Mr. Magnuson, plus Alan Page and most likely every current statewide judge, was chosen by a governor from a list of three promising candidates. They have proven themselves faithful interpreters of the Constitution and enacted laws (if they weren’t, the people would un-elect them) — proving that appointment and retention is the far better course.

  11. Submitted by Stan Hooper on 11/19/2010 - 06:28 pm.

    I was one of the constituents who was “lucky” enough to vote for one of 24 judicial candidates, because there was no incumbent to consider for re-election. A local newspaper printed the position statements provided by each of the 24 candidates. Every one of 21 candidates said, in virtually identical phrasing, that they would be fair and impartial and they didn’t say much else that was meaningful. The other three said they would be fair and impartial in different ways (I applaud their creativity) and one of the three stated things about managing the office operations, impressing me that the candidate wanted more to be a manager than a judge.
    With so many candidates saying virtually the same thing, and with only one well-known name (at least among members of one party), I hadn’t the foggiest idea who the best candidate was, there was not even one that professed Christianity (what a fantastic criteria for a judge: effectively and discriminatingly keeps the others out). That’s absolutely ludicrous. Every time we have no incumbent we’ll get a slew of candidates because there’s no primary structure for judicial positions. I’m all for the Citizen Commision’s methodology. Let’s have a referendum for the constitutional amendment.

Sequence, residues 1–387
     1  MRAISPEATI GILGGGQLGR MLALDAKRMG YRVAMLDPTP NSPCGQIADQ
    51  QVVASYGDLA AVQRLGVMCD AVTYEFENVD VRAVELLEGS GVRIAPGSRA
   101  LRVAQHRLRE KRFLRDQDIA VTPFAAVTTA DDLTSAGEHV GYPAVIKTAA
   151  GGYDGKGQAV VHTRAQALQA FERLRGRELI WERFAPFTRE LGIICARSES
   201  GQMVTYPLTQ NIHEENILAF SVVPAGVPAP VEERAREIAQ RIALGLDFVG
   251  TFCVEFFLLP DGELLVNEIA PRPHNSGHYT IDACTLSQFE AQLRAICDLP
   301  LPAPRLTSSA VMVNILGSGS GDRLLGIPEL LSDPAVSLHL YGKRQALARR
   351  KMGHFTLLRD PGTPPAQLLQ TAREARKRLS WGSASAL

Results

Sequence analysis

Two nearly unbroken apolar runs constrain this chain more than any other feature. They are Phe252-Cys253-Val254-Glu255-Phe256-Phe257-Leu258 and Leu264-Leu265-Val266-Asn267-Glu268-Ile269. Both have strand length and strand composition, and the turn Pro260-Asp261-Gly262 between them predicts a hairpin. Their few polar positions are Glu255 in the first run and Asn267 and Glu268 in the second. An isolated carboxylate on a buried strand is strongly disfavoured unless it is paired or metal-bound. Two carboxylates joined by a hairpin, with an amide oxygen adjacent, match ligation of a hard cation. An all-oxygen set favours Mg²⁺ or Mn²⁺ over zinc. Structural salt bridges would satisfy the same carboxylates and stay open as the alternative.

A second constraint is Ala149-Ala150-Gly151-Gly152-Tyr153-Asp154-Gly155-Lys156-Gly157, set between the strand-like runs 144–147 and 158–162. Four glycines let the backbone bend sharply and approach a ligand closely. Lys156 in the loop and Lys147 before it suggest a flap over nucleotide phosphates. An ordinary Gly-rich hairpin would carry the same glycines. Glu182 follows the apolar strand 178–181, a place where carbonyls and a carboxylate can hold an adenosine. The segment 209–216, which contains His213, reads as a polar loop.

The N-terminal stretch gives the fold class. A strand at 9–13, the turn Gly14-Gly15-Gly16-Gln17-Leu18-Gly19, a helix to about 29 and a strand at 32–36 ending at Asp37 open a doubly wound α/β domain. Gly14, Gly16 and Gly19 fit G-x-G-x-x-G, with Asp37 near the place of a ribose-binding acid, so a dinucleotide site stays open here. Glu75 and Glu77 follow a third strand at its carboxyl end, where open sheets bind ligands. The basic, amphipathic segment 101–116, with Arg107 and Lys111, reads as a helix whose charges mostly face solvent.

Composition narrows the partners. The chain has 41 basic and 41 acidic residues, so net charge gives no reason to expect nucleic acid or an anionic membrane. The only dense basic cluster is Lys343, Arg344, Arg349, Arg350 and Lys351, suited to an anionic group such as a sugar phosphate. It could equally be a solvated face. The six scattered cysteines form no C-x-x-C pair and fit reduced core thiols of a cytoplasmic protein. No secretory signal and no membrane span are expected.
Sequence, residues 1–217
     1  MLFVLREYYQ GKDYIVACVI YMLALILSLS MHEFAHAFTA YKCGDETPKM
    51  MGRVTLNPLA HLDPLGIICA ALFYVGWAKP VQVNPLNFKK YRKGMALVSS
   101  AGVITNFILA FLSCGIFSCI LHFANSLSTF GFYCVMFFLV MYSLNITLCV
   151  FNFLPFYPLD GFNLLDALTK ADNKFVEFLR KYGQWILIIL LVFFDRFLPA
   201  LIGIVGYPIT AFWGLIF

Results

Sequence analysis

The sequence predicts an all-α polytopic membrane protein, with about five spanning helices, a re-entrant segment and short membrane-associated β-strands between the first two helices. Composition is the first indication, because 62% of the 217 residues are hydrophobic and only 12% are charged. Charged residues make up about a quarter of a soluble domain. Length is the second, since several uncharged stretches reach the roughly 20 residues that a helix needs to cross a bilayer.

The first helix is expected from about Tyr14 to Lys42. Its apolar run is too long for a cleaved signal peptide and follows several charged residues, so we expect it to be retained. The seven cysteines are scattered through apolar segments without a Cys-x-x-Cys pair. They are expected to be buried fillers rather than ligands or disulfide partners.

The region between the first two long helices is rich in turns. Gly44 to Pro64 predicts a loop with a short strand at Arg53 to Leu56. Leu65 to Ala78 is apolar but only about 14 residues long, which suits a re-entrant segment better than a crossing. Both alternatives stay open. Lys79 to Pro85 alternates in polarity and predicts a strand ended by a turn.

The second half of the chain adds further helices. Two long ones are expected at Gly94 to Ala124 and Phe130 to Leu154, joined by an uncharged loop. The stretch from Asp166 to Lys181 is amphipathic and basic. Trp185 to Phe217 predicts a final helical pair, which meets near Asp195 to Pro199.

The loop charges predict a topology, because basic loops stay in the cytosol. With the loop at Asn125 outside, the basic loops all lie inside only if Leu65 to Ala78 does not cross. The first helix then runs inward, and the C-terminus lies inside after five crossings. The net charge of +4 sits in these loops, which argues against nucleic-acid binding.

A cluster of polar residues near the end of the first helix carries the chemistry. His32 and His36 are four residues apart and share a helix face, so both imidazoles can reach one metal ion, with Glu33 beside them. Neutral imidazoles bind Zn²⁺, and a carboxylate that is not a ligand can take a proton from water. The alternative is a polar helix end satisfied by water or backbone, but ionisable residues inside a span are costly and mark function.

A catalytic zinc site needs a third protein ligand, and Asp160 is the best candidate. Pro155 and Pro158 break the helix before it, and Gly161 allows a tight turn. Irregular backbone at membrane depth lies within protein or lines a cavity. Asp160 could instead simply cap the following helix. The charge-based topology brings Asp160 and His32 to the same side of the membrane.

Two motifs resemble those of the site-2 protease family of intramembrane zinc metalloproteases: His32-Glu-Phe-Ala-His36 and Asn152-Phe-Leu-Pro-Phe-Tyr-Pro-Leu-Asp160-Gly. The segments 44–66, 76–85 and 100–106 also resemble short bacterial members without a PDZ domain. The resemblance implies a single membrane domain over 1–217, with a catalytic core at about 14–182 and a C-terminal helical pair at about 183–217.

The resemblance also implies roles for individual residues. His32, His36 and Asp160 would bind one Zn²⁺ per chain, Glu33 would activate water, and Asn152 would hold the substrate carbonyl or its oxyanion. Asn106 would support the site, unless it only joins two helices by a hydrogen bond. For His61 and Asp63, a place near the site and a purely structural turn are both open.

12. Submitted by Jon Kingstad on 11/20/2010 - 12:50 am.

    As a lawyer with 35 years of experience, and plenty of experience in appearing before a lot of judges, I can only paraphrase Winston Churchill about democracy: that it is a terrible system, except all the others are much worse. Changing the way judges are elected is like changing the arrangement of deck chairs on a sinking ship. The problems with the system are far deeper than whether judges are elected or not. We don’t have a “system of justice”; we have a “system of judicial administration” peopled and staffed by ordinary and flawed human beings, many of whom are doing the best they can but overwhelmed by the tasks they have been given or sought.

  13. Submitted by Don Mashak on 11/20/2010 - 03:59 am.

    Propaganda does not deserve respect.

    A Judicial System that ignores the Citizens 1st Amendment Right to Petition the Court for a Redress of Grievances does not deserve respect.

    For 5 Legislative Sessions hundreds of Minnesotans Petitioned the Minnesota house and Senate Judiciary Committees to give evidence in the Minnesota Judiciary and were turned away.

    When you deprive WE THE PEOPLE of our constitution Right to Petition the Government with our Grievances, don’t expect everyone to just sit and take it when you announce there is no Corruption in Minnesota when you refused to hear the testimony of 100’s of people…